The Sustainable Development Goals in Montenegro
The Sustainable Development Goals are a global call to action to end poverty, protect the earth’s environment and climate, and ensure that people everywhere can enjoy peace and prosperity. These are the goals the UN is working on in Montenegro:
29 June 2021
After 35 years, the nightmare of a legal limbo ends for a mother of 9 in Montenegro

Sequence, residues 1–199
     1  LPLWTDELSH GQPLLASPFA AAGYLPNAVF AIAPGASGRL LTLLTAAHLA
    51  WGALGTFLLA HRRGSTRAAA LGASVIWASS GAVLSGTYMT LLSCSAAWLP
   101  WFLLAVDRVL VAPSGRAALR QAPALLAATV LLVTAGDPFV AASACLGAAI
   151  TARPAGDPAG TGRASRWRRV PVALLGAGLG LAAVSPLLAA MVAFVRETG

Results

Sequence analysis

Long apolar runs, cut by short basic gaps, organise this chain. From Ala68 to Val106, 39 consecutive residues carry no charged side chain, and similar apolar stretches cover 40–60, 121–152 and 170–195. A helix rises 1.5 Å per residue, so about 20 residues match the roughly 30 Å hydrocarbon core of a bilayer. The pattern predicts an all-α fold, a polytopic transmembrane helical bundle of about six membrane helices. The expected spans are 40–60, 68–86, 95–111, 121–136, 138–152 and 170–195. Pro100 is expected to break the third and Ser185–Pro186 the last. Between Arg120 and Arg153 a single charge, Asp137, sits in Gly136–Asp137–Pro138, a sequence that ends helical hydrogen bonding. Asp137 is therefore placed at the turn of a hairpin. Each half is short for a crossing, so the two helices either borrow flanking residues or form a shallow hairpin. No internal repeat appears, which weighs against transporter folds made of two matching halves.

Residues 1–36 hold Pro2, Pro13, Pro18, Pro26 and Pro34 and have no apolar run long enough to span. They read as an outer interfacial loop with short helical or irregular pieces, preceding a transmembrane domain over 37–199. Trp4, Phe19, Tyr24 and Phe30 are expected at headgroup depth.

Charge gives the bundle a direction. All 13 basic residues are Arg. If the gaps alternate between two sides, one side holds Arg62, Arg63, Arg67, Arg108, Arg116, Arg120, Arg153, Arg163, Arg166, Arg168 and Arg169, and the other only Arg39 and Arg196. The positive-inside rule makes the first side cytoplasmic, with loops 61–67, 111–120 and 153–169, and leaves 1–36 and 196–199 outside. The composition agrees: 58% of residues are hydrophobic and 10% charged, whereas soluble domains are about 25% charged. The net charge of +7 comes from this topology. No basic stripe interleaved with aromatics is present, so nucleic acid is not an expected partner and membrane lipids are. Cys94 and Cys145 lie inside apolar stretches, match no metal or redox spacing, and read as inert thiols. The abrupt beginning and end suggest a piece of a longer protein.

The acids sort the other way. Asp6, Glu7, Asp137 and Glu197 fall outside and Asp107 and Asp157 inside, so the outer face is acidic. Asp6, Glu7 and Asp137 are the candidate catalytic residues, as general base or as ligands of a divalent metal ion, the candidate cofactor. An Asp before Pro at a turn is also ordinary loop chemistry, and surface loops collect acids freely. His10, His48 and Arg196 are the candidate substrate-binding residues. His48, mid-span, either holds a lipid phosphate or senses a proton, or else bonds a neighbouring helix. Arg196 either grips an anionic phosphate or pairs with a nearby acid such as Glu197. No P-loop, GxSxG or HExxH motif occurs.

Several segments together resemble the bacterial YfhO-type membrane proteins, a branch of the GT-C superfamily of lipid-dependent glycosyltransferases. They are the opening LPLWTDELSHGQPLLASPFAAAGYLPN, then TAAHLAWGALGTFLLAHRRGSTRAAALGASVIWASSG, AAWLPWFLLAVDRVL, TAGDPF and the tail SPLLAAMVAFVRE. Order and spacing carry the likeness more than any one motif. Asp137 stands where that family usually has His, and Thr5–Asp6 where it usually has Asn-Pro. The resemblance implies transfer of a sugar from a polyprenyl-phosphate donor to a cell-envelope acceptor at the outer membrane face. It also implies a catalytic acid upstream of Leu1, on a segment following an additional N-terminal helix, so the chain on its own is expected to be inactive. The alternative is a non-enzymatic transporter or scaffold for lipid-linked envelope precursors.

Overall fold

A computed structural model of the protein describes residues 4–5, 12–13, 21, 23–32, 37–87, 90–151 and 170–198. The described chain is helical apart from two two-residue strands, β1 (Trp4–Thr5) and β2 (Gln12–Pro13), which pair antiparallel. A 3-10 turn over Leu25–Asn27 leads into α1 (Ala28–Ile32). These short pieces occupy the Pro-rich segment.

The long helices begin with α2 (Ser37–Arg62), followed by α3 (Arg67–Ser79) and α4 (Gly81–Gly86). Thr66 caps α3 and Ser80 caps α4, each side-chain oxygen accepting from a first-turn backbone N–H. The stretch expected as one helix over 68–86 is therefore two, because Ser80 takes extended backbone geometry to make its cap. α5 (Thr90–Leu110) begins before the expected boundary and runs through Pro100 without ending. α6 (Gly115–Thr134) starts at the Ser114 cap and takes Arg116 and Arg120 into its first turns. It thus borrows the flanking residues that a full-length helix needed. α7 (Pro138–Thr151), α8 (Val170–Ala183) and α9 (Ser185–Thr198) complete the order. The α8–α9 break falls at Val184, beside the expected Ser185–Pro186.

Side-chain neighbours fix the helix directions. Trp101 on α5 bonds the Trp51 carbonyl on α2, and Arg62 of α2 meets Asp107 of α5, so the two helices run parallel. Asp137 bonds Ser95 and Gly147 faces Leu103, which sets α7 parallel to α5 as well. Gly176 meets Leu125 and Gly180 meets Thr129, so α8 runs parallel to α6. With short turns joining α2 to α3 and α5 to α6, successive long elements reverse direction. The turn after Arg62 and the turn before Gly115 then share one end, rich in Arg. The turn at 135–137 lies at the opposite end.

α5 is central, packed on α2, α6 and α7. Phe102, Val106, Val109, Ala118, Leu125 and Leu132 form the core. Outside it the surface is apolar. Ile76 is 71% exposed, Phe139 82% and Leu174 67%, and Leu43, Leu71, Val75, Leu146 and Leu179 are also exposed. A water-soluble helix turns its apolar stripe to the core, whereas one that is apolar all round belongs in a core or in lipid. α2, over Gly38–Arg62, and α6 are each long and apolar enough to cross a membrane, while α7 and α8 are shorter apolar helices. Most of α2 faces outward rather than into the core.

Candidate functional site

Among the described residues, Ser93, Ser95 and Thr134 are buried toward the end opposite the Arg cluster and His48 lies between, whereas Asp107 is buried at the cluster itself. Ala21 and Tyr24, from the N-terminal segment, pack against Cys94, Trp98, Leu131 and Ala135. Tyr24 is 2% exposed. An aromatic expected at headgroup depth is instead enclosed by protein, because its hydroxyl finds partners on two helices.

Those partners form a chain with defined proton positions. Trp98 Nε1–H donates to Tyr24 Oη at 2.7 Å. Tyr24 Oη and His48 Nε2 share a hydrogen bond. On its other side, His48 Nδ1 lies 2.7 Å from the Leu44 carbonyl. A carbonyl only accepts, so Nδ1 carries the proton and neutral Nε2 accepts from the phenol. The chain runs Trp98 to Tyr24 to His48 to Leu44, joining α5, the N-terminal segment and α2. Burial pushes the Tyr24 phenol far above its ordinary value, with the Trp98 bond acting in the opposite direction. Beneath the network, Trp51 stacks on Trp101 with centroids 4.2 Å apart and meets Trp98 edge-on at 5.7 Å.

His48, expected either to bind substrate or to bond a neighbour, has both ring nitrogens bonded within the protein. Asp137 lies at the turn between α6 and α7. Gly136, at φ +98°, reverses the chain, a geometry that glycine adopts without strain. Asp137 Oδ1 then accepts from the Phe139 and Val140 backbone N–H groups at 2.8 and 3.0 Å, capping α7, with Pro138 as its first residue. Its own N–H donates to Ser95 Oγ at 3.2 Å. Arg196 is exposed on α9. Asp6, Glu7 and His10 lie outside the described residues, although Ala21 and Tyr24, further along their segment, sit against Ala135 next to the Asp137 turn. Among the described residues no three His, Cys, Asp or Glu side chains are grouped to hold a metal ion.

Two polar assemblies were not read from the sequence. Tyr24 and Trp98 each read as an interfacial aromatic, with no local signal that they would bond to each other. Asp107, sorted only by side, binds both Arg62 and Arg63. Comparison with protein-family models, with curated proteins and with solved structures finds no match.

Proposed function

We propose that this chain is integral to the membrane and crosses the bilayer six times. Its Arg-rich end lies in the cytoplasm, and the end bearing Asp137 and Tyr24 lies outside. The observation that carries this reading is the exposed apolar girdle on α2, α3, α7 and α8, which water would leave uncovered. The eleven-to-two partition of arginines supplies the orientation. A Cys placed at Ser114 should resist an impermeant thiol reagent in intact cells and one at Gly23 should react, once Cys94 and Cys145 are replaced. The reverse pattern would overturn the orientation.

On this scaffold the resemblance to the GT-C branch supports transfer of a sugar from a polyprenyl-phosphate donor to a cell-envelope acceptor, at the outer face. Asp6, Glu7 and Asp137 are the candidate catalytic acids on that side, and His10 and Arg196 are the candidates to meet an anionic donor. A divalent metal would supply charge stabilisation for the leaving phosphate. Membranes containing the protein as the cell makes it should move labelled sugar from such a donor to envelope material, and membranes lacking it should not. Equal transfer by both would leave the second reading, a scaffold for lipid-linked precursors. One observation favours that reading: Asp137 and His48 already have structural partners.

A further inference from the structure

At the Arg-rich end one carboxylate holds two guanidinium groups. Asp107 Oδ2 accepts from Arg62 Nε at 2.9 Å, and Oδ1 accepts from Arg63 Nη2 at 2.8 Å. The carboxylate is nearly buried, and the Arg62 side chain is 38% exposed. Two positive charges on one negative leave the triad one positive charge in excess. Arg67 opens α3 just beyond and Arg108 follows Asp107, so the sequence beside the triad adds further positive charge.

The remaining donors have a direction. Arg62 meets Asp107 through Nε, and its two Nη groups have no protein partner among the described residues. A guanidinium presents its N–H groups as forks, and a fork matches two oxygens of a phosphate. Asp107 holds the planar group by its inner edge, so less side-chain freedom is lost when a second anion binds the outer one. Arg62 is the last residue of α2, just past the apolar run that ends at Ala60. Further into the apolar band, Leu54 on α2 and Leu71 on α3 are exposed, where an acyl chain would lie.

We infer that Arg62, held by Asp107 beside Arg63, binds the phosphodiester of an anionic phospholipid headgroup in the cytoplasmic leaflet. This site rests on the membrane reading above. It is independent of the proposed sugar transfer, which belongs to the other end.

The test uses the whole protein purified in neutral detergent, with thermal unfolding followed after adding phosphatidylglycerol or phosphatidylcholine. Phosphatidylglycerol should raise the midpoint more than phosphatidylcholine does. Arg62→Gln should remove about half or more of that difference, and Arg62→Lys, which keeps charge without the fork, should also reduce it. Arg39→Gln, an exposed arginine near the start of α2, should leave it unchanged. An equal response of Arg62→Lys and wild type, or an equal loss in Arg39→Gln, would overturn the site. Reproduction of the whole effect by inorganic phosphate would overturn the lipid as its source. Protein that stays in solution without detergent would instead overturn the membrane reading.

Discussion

The Radosavljevic-Dobrani are a Roma family of 11, who live in a dilapidated settlement in the northern town of Berane in Montenegro. Like many other Roma families in Montenegro, the family has no identity documents, which deprives them of basic human rights that all of us take for granted. After 35 years of life without any identity documents, Valentina Radosavljevic, finally received ID documents that will allow her to apply for a legal status in Montenegro. She will now be able to confer legal identity to her 9 children, find decent employment, go see a doctor or even open a bank account. Until today, I felt lost all my life. You have to understand that statelessness is like a family virus – you pass it down to your children and wearing a mask and washing hands does not help. I am very happy that this nightmare is over. Valentina Radosavljević Without sufficient proof of their identities, the family was trapped in a legal limbo. The situation was especially critical for the 9 children born in Montenegro, as they only had birth certificates and no citizenship. In the short time that children get to be children, statelessness can set in stone grave problems that will sentence them to a life of limited opportunities and discrimination. Stateless children live in a world in which their status profoundly affects their ability to learn, grow and fulfill their ambitions and dreams for the future. It is heart-warming for us to see that with UNHCR’s assistance the Radosavljevic family, and especially the children, will now be able to achieve a stable legal status. If our hopes for the future generation are to be achieved, then children of this generation must be a meaningful part of the present. Jean Yves Bouchardy, UNHCR Representative to Montenegro. “Not being recognized as a national of any country can create insurmountable barriers to healthcare, social care, jobs and stifles overall life prospects. Statelessness can often have devastating psychological toll not only for young people, but can also rip apart entire families, as it creates legal schism. The ID documents made a huge difference in their lives,“ Valentina says. “We are now one step closer to finally making our family official. My children will not have to beg anymore, and we will be able to receive social assistance. It may seem little to others, but to us this is life-changing”. UNHCR and its legal aid partner, the Civic Alliance, identified Valentina as a beneficiary of a novel form of support provided in cooperation with the Serbian Embassy in Montenegro since 2019. Without any identity documents, Valentina was unable to travel back home to Serbia and apply for ID card and passport. The Serbian Embassy issued an emergency travel certificate that allowed her to go back home, and with the logistical and administrative assistance from UNHCR, receive the identity documents from the Ministry of Interior of Serbia branch office. UNHCR’s work on ending statelessness in the country is one of the major pillars of the joint UN Montenegro programme on integrated social protection and employment - called Activate!, which is funded by the UN’s Joint SDG Fund. So far, 703 people, both formerly displaced and internally displaced and those at risk of statelessness, were provided support by UNHCR for legal status regularization under this programme, which aims to enhance the capacities of the social welfare system in Montenegro and support vulnerable people in accessing social protection and employment.